By the way, the snazzy plastic bowl can be found at Asda for £1.50 or at the Pound shop in Lancaster for - a pound.

Once the sponge had done its work (several hours), I set about making the bread. As well as adding the rest of the flour, I threw in some extras for added texture. I try lots of different ingredients in this way, but I always measure them quite carefully with the large side of the plastic spoon that came with my bread making machine. That way I know what works and what doesn't. For 2 loaves, these are my usual choices -

  • 4 tablespoons of rye flakes
  • 4 tablespoons of cracked wheat
  • 2 tablespoons of linseed (golden for white bread, the cheaper brown for brown bread)
  • 2 tablespoons of wheatgerm

I use quick action "easy bake" dried yeast (not the old fashioned "dried active" stuff that you need to mix with water, and which doesn't taste nice at all). The quick action stuff can be mixed in with the dry flour and works really well. Simon at Staff of Life bakery in Kendal uses it, so it must be OK. Don't waste money on those little sachets, though - you can get it in a tin made by Dove's Farm or Allinson's for about £1.15 and it lasts for ages. You can also get it from Single Step Wholefoods in Lancaster, where it is even cheaper, and you buy it by the ounce which rather appeals to people of my age!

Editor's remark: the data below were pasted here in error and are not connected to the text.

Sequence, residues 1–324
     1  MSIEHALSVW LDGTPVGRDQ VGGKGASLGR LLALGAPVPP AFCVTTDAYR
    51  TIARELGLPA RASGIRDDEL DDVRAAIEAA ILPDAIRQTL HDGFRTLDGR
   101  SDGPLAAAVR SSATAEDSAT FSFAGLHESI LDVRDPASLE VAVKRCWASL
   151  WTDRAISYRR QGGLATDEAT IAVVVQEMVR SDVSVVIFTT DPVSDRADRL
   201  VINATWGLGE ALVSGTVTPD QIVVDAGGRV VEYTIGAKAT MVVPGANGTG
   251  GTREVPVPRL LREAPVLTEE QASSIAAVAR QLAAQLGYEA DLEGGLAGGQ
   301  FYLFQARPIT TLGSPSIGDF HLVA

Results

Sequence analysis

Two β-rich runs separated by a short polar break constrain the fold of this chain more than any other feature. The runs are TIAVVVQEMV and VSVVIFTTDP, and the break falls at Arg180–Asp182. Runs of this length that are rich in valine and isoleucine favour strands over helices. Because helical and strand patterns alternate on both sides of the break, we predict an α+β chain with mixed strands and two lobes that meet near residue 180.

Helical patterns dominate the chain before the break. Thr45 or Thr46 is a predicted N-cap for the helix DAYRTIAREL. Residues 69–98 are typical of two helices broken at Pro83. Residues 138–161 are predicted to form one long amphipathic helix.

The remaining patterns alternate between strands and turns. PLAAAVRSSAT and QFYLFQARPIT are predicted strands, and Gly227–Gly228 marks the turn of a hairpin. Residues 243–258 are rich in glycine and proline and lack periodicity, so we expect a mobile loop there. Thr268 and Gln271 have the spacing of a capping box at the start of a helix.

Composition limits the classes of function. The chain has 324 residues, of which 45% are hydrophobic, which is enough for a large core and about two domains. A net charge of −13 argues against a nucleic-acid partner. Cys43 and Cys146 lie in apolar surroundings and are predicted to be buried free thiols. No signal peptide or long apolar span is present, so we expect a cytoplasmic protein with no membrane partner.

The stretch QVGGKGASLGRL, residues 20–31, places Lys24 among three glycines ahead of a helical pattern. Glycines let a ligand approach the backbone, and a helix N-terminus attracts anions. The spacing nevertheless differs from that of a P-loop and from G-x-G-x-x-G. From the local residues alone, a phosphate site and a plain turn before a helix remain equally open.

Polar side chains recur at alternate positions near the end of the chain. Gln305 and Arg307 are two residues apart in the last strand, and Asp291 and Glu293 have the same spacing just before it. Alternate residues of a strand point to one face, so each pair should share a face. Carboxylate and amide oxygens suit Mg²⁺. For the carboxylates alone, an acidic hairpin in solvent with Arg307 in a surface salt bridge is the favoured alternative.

To get the salt mixed in properly without damaging the yeast, I mix it with the second 9 fluid ounce cup of tepid water. In fact, though, I like to make my bread nice and moist, because it just works better, and with all the extras I used in this bake, I finished up adding nearly 2 cups of water at the mixing stage, making 27 fluid ounces in all. But it's best to start with a fairly dry mix (1 cup of water at sponging time and 1 cup at mixing time) and then keep adding till you think it can't take any more. Then add a bit of olive oil and you get a really smooth and lovely texture. This is the bit I like most about working dough - when it feels really smooth and velvety, you just know it is going to be fine. If you really go too far, you can always add a bit of flour at the end to make it more manageable. But as Andrew Whitley says in his book (Bread Matters) - "wetter is better".